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Regional phylogeographic studies have long been conducted in the southeastern United States for a variety of species. With some exceptions, many of these studies focus on single species or single clades of organisms, and those considering multiple species tend to focus on deep historical breaks causing differentiation. However, in many species more recent factors may be influencing genetic diversity. To understand the roles of historic and contemporary processes in structuring genetic diversity, we reanalyzed existing genetic data from Southeast of North America using approaches gleaned from phylogeographic and landscape genetic literature that were implemented across species including AMOVAs, PCoAs, Species Distribution Modelling, and tests of isolation by distance, environment, and habitat instability. Genetic variance was significantly partitioned by ecoregions, watersheds, and across phylogeographic breaks in the majority of species. Similarly, genetic variation was significantly associated with some combination of geographic or environmental distance or habitat instability in most species. Patterns of genetic variation were largely idiosyncratic across species. While habitat instability over time is significantly correlated with genetic diversity in some species, it appears generally less important than isolation by geographic or environmental distance. Our results suggest that many factors, both historical and contemporary, impact genetic diversity within a species, and more so, that these patterns aren’t always similar in closely related species. This supports the importance of species- specific factors and cautions against assumptions that closely related species will respond to historical and contemporary forces in similar ways.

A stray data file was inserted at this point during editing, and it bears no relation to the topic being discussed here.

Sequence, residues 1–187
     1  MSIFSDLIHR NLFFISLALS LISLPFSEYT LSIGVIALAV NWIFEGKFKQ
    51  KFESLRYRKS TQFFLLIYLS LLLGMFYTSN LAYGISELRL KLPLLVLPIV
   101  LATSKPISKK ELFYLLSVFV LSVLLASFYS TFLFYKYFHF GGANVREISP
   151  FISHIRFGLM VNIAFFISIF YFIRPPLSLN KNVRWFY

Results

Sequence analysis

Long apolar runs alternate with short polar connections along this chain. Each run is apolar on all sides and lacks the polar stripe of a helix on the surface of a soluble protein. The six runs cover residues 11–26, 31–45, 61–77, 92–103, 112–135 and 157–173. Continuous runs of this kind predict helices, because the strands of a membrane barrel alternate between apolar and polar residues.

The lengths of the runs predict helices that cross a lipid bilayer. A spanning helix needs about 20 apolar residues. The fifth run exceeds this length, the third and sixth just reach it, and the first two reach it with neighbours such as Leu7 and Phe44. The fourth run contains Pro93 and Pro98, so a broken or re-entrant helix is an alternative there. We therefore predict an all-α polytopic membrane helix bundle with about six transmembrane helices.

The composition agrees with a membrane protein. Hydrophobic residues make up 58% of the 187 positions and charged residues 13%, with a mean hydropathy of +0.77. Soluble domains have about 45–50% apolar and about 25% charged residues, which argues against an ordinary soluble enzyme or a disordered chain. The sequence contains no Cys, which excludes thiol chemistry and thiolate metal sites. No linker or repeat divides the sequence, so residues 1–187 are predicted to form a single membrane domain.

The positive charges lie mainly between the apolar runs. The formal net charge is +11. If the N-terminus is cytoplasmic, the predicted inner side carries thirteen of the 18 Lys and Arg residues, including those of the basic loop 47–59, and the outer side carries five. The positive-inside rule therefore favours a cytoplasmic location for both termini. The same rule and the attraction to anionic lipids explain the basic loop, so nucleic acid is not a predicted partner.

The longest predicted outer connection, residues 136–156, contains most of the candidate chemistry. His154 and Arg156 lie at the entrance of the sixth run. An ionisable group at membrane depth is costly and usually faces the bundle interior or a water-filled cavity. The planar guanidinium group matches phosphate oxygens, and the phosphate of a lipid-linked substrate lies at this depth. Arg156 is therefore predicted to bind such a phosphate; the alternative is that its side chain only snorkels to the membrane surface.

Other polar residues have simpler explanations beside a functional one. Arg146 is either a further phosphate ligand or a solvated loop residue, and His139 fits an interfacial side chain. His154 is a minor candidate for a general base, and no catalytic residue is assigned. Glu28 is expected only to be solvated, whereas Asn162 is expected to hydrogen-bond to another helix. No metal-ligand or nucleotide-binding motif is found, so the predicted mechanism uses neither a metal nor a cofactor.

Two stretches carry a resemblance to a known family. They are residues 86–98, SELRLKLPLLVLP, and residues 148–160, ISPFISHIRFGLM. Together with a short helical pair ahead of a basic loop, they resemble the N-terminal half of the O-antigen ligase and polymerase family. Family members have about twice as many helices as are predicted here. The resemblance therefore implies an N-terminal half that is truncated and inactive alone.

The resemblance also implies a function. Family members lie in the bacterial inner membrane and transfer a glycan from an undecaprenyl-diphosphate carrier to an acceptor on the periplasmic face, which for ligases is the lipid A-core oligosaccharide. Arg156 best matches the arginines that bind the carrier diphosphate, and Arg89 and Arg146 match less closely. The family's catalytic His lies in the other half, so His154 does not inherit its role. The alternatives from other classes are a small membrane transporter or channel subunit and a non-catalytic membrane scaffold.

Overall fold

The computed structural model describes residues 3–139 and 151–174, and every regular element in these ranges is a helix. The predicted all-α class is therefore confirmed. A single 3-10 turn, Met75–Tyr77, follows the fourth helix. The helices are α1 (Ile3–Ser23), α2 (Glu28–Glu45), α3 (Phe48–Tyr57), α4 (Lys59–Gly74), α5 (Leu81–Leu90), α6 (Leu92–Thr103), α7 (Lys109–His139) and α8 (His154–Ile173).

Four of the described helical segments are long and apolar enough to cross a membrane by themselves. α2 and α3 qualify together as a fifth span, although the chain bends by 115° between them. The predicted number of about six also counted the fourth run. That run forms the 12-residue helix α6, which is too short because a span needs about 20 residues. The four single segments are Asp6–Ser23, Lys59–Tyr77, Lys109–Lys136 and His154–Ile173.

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Opinions, Perspectives & Reviews